Stud

Stud was an English/Irish jazz-rock/jam band from London that released a self-titled album on Decca in 1971, followed by a second studio release and a live disc on German jazz label BASF in 1972. An SWF Session from that year was later issued on CD by archivists Long Hair. On the first album, the band was a trio comprised of ex-Blossom Toes guitarist Jim Cregan and the rhythm section from Taste: bassist Richard McCracken and drummer John Wilson. On the second album, they were joined by former Animals/Family multi-instrumentalist John Weider.

Cregan subsequently appeared on Family’s 1973 swan song It’s Only a Movie. After a stint in the final lineup of Cockney Rebel, he landed a longtime gig in Rod Stewart‘s backing band. Weider resurfaced in the rustic-rock outfits Moonrider and Gulliver, while McCracken appeared in hard-rockers Axis Point and Fastway.

Members: Jim Cregan (guitar, vocals), John Weider (violin, piano, guitar, vocals), John Wilson (drums), Richard McCracken [Charlie McCracken] (bass)


Background

Stud assembled in 1971 when English guitarist Jim Cregan effectively replaced Irish guitarist Rory Gallagher in the blues-rock powertrio Taste, which issued a pair of 1969/70 albums on Polydor. Gallagher had left for a solo career, leaving bassist Richard McCracken and drummer John Wilson without a band. Cregan hailed from psych-rockers the Blossom Toes and played on 1970/71 albums by Shawn Phillips (Second Contribution) and Julie Driscoll (1969). He left the Toes as they merged with Driscoll for a 1971 album as BB Blunder.


Stud

Stud’s self-titled debut album appeared on Deram in 1971. It features six numbers, including the lengthy “1112235″ (12:20) and the two-part “Horizon” (11:07). All the material is group-credited, save for the Cregan compositions “Turn Over the Pages” and “Song.”

Stud was produced by Billy Kennedy (Anno Domini, Jonesy) and engineered by Barry Ainsworth (Deep Purple, May Blitz, Hawkwind, Beggars Opera, Continuum, Stonehouse). The album’s vivid cover art, which depicts a reared white horse before an arched underpass, was illustrated by Anne Marie Anderson, who also did covers for Fuchsia and Caravan (In the Land of Grey and Pink). For its release on German Polydor, the horse rears before a field with the Stud nameplate in Blackletter.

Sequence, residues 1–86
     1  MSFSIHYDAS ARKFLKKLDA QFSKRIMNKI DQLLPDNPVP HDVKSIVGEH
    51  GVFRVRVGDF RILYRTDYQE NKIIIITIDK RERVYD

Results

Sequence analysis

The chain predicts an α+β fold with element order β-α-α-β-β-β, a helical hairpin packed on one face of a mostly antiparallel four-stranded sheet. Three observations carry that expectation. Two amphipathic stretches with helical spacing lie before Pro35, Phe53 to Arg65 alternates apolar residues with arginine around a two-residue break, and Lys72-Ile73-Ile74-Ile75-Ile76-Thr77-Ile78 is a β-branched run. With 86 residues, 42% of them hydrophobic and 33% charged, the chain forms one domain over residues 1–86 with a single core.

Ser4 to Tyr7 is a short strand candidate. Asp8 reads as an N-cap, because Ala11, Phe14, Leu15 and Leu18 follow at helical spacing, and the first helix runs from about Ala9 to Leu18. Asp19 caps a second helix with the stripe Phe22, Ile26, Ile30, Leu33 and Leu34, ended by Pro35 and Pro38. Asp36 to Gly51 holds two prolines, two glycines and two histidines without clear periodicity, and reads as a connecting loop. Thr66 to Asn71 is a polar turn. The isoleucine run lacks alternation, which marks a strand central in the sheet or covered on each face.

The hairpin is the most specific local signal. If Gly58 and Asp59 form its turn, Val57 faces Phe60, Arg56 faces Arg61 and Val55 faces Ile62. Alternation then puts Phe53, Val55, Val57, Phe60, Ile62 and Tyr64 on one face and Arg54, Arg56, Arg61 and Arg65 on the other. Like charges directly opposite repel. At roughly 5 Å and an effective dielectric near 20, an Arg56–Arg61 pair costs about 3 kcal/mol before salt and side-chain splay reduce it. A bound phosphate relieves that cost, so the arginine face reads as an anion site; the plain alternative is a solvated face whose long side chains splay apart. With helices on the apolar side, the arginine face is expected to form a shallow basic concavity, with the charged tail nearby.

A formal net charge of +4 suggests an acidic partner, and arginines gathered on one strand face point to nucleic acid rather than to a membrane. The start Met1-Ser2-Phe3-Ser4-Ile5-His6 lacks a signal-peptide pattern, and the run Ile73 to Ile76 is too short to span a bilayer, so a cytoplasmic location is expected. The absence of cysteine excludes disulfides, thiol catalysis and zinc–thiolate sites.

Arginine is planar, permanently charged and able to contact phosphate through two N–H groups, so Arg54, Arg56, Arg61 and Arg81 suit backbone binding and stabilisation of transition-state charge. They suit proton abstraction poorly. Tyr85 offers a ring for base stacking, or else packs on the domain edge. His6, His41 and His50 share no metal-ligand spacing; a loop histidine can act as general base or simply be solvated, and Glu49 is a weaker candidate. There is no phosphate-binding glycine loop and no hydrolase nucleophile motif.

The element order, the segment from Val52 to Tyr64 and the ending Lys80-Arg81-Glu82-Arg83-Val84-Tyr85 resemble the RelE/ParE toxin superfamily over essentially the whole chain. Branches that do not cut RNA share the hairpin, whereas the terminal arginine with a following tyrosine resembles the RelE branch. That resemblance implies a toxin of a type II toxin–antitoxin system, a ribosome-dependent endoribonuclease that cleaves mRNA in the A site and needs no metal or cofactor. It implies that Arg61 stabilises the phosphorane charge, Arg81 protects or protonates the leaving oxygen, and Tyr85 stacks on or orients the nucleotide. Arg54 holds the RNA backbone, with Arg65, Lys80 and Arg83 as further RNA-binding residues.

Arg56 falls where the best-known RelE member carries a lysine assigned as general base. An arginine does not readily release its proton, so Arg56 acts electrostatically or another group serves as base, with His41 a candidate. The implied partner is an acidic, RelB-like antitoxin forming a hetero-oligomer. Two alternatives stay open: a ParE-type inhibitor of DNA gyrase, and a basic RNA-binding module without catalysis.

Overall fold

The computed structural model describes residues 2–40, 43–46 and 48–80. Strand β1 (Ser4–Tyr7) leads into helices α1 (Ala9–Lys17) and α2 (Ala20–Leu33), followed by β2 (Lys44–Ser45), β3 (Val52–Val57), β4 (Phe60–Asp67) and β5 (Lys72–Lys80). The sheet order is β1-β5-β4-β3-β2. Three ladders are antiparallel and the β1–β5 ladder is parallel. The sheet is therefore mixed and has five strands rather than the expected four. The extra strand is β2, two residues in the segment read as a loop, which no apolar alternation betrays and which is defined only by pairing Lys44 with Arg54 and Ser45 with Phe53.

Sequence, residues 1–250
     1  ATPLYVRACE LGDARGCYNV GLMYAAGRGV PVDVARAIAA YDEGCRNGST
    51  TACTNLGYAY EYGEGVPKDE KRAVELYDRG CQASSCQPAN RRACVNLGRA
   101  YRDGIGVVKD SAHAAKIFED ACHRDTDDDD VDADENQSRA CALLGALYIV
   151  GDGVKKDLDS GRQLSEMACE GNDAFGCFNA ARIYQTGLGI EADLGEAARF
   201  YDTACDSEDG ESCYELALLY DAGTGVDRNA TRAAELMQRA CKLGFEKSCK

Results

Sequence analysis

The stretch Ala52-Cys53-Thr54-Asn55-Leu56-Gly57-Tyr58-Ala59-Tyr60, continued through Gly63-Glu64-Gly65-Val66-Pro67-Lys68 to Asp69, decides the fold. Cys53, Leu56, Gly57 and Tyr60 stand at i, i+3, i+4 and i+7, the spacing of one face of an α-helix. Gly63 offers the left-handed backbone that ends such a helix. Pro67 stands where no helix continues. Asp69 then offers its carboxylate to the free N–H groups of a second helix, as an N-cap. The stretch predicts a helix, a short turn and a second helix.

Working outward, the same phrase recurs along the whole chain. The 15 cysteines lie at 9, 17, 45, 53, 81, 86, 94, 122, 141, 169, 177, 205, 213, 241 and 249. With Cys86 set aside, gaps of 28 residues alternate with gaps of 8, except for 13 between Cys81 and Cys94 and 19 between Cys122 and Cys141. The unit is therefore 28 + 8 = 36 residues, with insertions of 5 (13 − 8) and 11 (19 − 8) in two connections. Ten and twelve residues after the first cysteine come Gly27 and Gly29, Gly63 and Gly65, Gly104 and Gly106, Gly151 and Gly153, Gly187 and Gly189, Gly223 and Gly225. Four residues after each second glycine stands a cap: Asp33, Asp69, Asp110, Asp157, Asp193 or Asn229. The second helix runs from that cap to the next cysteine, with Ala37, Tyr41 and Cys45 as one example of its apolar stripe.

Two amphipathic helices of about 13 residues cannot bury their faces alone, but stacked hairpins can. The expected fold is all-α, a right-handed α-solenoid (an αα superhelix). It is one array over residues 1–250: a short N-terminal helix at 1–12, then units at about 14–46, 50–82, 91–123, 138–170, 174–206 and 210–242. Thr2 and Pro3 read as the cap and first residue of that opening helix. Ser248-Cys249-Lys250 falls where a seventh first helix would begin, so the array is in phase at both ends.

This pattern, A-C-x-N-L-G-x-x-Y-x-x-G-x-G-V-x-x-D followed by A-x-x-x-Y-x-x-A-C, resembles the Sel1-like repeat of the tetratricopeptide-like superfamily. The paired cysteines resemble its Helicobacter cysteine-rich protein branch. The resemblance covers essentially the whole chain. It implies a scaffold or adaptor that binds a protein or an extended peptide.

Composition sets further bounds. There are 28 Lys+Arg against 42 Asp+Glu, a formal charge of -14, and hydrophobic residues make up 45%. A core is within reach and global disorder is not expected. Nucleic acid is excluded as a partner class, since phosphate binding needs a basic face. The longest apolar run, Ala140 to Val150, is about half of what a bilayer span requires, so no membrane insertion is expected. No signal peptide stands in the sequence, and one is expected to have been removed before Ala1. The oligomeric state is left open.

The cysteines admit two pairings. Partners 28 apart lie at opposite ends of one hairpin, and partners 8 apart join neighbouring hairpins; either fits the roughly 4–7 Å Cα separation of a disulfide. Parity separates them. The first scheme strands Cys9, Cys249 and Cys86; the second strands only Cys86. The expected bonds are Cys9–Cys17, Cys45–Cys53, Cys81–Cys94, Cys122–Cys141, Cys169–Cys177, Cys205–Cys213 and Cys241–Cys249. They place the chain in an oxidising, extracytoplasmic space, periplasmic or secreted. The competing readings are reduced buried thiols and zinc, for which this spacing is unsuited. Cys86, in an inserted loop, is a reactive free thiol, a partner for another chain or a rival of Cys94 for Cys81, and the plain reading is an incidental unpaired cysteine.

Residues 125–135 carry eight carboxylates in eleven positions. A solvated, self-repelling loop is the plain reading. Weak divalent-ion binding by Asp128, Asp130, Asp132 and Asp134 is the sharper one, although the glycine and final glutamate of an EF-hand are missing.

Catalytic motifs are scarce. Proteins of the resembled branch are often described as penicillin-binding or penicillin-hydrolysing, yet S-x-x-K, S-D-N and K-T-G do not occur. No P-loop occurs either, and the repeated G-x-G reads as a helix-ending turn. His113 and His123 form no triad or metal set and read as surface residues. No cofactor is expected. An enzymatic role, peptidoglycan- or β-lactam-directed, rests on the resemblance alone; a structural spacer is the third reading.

In Germany, Stud appeared on the TV music program Beat-Club and found an audience more receptive to their improvisational rock. They expanded to a four-piece with multi-instrumentalist John Weider, who’d played guitar in Eric Burdon’s “New” Animals and bass in the 1970 lineup of Family.


September

Stud released their second album, September, in 1972 on the German BASF label. Half the album’s 10 numbers are credited solely to Weider, who plays  guitar, piano, and violin on this release. Cregan contributed three numbers, including “Samurai” and the six-minute “Five to Mid-day.” He collaborated with McCracken on “God Knows”.

September was produced by Kennedy at Command Studios in Piccadilly and engineered by Pete Booth (Khan, Steamhammer). The original album features an orange-tinted horizontal gatefold depicting a comic female centaur.


Discography:

  • Stud (1971)
  • September (1972)
  • Goodbye – Live at Command (1973)
  • The SWF Session 1972 (2009)

Sources:

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